Lawmakers Seek Legal Advice on Handling Protesters

A supporter of U.S. President Donald Trump, speaks with a demonstrator before a town hall meeting with Republican Rep. Darrell Issa at a high school in San Juan Capistrano, Calif., on June 3.

Photographer: Bill Wechter/AFP via Getty Images

Lawmakers back home for the August recess have been feeling the heat from angry constituents and activists. Some of these members have been asking the top U.S. House staff lawyer to tell them where, exactly, they can legally draw lines on activities like protests and videotaping.

“There has been an increased number of calls to my office seeking advice on the legal issues surrounding the First Amendment and state recording laws,” U.S. House General Counsel Thomas Hungar wrote in a memo Monday to all lawmakers that was obtained by Bloomberg. Hungar doesn’t elaborate on specific incidents and declined requests for a comment. But members -- mostly Republicans -- have been yelled at and videotaped during town halls. Others have been picketed at their district offices, or even near their homes, mostly over GOP efforts to repeal Obamacare.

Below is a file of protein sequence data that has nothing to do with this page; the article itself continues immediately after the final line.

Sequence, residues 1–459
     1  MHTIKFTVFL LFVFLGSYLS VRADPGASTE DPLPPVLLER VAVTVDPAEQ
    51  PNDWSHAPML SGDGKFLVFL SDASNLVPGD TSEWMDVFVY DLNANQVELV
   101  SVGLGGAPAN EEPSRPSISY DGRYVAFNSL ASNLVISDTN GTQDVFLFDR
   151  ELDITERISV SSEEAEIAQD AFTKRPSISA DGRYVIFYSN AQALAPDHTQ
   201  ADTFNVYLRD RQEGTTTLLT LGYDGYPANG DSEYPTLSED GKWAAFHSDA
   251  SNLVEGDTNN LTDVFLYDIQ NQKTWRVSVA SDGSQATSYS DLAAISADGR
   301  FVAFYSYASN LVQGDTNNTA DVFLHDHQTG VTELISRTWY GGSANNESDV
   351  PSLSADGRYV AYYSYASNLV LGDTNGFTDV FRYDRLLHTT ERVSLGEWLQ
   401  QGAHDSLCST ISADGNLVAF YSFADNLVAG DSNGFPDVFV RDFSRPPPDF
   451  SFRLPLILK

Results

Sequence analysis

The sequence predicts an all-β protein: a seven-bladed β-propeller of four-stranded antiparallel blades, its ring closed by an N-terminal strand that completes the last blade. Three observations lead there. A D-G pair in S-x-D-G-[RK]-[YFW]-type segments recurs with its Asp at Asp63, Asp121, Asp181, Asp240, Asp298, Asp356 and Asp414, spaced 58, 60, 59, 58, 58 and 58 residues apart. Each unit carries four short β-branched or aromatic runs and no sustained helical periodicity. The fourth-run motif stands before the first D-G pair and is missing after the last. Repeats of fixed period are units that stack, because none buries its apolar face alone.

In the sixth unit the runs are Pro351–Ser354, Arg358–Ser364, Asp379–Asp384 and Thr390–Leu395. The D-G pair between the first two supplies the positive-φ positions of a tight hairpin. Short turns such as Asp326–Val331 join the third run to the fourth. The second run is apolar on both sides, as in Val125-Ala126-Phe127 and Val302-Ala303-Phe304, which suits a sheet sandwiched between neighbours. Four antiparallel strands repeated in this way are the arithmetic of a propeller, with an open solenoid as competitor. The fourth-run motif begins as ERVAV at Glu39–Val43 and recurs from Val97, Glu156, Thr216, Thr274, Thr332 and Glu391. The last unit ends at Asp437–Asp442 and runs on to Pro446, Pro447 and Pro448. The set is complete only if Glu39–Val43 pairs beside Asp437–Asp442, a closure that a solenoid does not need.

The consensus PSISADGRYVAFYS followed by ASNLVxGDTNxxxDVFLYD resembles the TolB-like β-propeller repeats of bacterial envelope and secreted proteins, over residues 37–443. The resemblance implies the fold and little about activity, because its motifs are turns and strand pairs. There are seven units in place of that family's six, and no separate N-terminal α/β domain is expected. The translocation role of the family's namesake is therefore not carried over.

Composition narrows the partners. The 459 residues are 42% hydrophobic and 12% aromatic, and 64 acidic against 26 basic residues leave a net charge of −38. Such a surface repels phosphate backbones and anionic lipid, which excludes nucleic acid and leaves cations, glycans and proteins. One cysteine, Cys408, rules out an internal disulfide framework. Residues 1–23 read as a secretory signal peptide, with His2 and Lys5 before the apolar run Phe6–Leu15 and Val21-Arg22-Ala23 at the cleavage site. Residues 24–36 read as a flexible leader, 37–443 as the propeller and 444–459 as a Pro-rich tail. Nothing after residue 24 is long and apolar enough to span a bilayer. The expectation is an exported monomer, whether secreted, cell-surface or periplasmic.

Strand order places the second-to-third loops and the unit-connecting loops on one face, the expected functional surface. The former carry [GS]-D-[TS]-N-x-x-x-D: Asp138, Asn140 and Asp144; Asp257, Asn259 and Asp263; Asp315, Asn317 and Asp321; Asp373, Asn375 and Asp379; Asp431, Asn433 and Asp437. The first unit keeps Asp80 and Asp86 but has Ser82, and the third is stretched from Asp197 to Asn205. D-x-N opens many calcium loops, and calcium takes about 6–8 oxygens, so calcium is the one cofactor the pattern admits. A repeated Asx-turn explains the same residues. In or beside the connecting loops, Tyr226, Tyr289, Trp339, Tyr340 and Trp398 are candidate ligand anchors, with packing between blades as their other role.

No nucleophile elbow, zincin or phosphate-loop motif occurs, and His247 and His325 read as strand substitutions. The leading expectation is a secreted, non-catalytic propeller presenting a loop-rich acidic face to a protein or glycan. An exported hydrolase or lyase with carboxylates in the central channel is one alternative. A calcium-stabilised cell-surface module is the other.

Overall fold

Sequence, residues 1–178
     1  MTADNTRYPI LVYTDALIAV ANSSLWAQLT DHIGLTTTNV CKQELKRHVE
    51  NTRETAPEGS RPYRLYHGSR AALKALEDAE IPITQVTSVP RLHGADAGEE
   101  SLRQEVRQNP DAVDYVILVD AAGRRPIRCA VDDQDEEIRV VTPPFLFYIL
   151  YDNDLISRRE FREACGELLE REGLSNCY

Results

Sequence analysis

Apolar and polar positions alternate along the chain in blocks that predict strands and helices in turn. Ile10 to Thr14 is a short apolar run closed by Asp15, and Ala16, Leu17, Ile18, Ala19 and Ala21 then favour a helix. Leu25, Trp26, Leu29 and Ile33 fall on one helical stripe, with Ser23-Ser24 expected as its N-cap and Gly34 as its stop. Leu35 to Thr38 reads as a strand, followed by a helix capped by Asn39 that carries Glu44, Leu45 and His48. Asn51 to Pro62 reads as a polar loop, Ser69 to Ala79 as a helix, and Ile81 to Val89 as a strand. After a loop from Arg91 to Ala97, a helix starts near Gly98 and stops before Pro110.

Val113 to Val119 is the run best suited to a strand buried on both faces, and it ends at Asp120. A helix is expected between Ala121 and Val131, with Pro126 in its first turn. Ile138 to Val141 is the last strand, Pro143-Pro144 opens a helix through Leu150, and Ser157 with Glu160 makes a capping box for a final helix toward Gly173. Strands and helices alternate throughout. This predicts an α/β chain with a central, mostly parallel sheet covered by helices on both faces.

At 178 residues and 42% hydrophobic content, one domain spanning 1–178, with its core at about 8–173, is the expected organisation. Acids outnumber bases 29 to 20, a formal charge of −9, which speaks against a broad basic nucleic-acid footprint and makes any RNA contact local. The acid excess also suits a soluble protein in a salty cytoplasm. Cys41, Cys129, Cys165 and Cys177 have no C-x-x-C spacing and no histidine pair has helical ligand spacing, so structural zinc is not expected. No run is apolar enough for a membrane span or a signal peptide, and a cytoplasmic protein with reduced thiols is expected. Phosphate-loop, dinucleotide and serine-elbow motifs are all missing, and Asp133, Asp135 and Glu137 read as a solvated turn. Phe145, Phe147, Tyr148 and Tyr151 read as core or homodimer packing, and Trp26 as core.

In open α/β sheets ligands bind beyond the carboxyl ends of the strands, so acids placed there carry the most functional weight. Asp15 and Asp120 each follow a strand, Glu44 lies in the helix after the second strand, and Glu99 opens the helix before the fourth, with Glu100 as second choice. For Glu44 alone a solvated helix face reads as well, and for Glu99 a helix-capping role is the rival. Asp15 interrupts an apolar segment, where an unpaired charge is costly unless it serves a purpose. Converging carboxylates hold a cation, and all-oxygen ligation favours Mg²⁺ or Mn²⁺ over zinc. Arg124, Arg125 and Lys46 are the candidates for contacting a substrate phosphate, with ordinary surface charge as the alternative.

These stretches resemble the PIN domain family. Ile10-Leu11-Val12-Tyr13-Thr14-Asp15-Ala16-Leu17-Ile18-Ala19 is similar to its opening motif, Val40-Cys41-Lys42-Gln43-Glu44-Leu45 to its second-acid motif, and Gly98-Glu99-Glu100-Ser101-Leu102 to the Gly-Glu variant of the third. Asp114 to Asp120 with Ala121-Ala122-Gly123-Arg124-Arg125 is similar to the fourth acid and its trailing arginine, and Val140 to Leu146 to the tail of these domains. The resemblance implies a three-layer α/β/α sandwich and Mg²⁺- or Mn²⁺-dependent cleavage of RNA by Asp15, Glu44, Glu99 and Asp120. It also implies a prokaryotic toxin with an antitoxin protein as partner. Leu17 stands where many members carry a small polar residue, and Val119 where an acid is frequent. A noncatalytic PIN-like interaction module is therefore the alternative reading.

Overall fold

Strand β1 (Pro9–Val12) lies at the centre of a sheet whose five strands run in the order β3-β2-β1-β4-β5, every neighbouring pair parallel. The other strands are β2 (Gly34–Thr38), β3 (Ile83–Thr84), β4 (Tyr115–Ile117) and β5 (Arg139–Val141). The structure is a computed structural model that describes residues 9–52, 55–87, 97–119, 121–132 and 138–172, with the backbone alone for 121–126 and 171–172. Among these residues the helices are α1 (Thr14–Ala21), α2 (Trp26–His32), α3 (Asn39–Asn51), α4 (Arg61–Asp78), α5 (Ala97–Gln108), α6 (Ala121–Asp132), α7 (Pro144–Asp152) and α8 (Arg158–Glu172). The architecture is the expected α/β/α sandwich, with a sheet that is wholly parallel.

Hungar suggested to members that they contact his office “with respect to policies relating to social media and public events (such as town halls).” Hungar said he’s getting questions relating to permissible procedures for handling public comment periods or recording at town halls, how staff should deal with inappropriate comments on official social media accounts and where security cameras can be placed withing district offices?

Scott Michelman, senior staff attorney at the ACLU of the District of Columbia, said that “we’re seeing an uptick” of public participation in expressions of opposition to actions in Washington. He added that it’s “a good thing” advice is being offered and sought by members so they understand the full scope of their constituents’ First Amendment rights.

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